A Cuckolded Wife Touts a Peculiar Brand of Feminism

    When all is said and done, the modern wife is nothing but a parasite.”

    Courtesy Of The Old Globe
    Frankly, I Don’t Give a Damn: In “Constant Wife,” Henny Russell plays a socialite who turns a blind eye to her husband’s cheating ways, wittily defending herself against her friends’ outcries.

    Sexist? Perhaps — if these words had been uttered by a typically complacent and condescending well-to-do member of the male species. But instead, in a surprising twist (one of many in “The Constant Wife”), an affluent — and married — woman in the roaring days of the ’20s arrives at this conclusion.

    In W. Somerset Maugham’s witty comedy, Constance Middleton (Henny Russell) is a socialite who has been married for 15 years to wealthy surgeon John Middleton. She’s also happily oblivious (or so her friends believe) to the fact that her husband is having a notorious affair with her best friend, Marie-Louise Durham (Lara Phillips), herself a married woman.

    But this is no ordinary melodramatic, “Dawson’s Creek”-esque love triangle. When the scandalous affair is brought to light by Durham’s husband, Constance (without missing a beat) denies it and covers up for her husband and his mistress, rendering her friends and husband speechless.

    Russell plays this critical scene brilliantly, infusing Constance’s manners with such charm, poise and cool sincerity that for a suspended moment even the other characters look as if they might start to believe her assertive logic themselves. Russell makes Constance’s quick thinking seem both effortless and spontaneous at the same time, piquing the audience’s amused interest at what other clever inspirations she might concoct next.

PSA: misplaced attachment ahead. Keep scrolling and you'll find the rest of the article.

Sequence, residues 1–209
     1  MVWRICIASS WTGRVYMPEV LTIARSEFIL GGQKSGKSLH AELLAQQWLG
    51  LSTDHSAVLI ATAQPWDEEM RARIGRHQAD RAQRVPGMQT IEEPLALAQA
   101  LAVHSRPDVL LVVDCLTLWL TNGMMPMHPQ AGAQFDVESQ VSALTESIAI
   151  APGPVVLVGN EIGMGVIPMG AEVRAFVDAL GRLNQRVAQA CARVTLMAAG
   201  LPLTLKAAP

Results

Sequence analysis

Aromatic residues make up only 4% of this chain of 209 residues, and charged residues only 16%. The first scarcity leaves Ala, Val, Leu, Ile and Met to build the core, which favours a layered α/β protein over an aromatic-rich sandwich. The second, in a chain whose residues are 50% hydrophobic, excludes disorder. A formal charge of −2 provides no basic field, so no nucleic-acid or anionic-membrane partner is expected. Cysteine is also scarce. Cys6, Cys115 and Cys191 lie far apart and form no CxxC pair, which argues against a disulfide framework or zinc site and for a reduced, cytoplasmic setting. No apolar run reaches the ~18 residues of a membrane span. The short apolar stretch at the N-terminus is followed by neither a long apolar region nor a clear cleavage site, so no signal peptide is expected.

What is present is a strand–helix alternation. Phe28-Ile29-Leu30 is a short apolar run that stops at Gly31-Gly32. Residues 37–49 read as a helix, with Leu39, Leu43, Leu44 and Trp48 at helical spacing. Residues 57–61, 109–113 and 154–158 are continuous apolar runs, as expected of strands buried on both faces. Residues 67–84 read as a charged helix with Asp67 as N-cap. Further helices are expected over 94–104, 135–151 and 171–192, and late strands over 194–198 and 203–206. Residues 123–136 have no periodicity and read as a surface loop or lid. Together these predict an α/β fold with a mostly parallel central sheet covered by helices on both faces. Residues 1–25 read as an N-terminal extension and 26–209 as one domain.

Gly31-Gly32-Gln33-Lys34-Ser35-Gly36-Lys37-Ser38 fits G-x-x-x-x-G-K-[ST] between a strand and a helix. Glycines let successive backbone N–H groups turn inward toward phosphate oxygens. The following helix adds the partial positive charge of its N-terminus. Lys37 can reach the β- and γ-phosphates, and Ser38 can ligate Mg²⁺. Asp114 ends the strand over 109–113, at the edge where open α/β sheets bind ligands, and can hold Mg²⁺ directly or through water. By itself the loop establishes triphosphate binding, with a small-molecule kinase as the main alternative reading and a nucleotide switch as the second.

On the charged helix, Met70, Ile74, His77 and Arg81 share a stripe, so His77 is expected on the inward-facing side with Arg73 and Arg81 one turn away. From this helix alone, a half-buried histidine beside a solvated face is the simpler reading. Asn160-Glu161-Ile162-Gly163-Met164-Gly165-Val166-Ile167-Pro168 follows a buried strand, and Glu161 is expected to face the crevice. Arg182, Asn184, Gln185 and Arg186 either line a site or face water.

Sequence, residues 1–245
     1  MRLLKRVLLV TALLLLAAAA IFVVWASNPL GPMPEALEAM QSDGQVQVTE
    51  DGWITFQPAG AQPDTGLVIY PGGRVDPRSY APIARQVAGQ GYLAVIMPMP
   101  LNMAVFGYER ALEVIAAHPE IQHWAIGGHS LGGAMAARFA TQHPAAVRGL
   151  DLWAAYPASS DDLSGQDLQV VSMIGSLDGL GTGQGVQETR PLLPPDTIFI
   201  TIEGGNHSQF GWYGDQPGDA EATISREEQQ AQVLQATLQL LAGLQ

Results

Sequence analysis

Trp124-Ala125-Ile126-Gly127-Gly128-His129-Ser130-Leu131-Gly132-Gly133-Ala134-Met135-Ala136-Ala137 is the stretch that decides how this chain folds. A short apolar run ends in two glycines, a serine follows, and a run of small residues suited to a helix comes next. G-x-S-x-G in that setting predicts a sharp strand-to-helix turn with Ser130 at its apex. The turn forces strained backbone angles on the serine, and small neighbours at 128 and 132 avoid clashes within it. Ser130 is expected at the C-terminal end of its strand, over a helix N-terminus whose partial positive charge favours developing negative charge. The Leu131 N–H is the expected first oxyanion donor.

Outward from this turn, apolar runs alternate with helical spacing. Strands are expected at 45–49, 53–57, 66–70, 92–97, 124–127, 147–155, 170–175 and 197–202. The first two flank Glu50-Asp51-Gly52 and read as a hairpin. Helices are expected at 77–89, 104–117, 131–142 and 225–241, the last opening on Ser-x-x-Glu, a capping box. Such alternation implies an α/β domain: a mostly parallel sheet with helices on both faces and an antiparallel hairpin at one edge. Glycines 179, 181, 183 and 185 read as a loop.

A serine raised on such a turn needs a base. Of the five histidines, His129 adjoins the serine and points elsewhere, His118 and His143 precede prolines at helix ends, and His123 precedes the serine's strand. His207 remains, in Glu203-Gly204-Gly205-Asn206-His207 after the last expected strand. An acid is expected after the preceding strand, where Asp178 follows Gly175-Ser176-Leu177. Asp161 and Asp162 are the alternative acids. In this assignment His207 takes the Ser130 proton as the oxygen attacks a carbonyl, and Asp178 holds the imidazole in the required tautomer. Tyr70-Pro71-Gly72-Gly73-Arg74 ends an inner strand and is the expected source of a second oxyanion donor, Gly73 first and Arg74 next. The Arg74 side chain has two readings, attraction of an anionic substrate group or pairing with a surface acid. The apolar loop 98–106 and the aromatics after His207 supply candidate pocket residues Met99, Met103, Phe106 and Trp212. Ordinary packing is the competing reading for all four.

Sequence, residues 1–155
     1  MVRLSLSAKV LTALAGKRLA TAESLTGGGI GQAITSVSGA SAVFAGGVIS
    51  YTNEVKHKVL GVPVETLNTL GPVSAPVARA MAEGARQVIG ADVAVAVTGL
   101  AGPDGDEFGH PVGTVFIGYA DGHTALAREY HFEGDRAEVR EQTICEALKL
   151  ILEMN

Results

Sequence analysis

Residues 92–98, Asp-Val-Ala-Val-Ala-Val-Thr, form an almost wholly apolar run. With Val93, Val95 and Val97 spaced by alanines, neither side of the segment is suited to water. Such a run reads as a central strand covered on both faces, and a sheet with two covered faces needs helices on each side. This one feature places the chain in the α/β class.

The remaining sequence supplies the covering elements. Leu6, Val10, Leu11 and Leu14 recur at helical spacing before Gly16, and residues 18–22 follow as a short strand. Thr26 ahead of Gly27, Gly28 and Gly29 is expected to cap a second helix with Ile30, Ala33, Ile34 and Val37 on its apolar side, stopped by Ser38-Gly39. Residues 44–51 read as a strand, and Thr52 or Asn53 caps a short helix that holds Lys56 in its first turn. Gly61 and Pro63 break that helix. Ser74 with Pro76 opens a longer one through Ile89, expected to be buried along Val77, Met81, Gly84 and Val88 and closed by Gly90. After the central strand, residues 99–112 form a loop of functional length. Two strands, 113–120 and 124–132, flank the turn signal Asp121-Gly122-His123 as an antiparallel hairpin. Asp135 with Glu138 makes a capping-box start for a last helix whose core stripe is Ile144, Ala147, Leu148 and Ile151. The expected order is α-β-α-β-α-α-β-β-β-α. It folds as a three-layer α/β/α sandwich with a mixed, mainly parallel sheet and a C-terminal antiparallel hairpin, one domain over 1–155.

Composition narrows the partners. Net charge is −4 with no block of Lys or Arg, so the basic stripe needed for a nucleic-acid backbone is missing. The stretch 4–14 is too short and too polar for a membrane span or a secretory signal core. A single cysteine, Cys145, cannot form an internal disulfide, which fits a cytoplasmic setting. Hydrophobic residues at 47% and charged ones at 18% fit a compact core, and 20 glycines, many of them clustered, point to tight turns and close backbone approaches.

Maugham aims his sharp wit at gender equality, the double-standards of marital roles and the interpretation of marriage. Constance becomes Maugham’s subtle, and therefore believable, spokeswoman for feminism, and some of the play’s most insightful lines are derived from the humorous observations of Constance herself.

    Despite her loved ones’ stunned objection that she should be furious with her cheating husband, Constance is surprisingly affable and calm. A working woman and housewife, Constance points out, helps shoulder the burden for her husband, but a wealthy woman has everything taken care of for her. She comes to the conclusion that a modern wife is a leech and “a prostitute who doesn’t deliver the goods.” Instead of becoming angry at her husband for his philandering ways, Constance shrewdly seeks to redefine her marriage on her own empowering and liberating terms.

    “Constant Wife” also benefits from the strength of its supporting cast and the beauty of its set design. Ralph Funicello creates a glowing effect with his white-on-white walls and furniture, yet pulls it all together with a breathtaking chandelier to create a warm radiance.

    John Middleton (Wynn Harmon) becomes less of a charming cad and, especially in the later scenes, exposes vulnerability and pouting boyishness that gives his character an almost sympathetic humanity. But it is Kandis Chappell, playing Constance’s mother Mrs. Culver, who nearly steals the show with her deadpan and brutally honest remarks, such as the advice she gives her daughter: “Men were meant by nature to be wicked and delightful and deceive their wives. And women were meant to be virtuous and forgiving and to suffer verbosely.”

    “Constant Wife” has been regarded as a comedy of manners, but underneath its innocent exterior is a humorous critique on equality and class.

    “The Constant Wife” is showing through May 7 at the Old Globe Theatre in Balboa Park with tickets ranging from $19 to $59. For ticket information, call (619) 23-GLOBE or visit www.theoldglobe.org.

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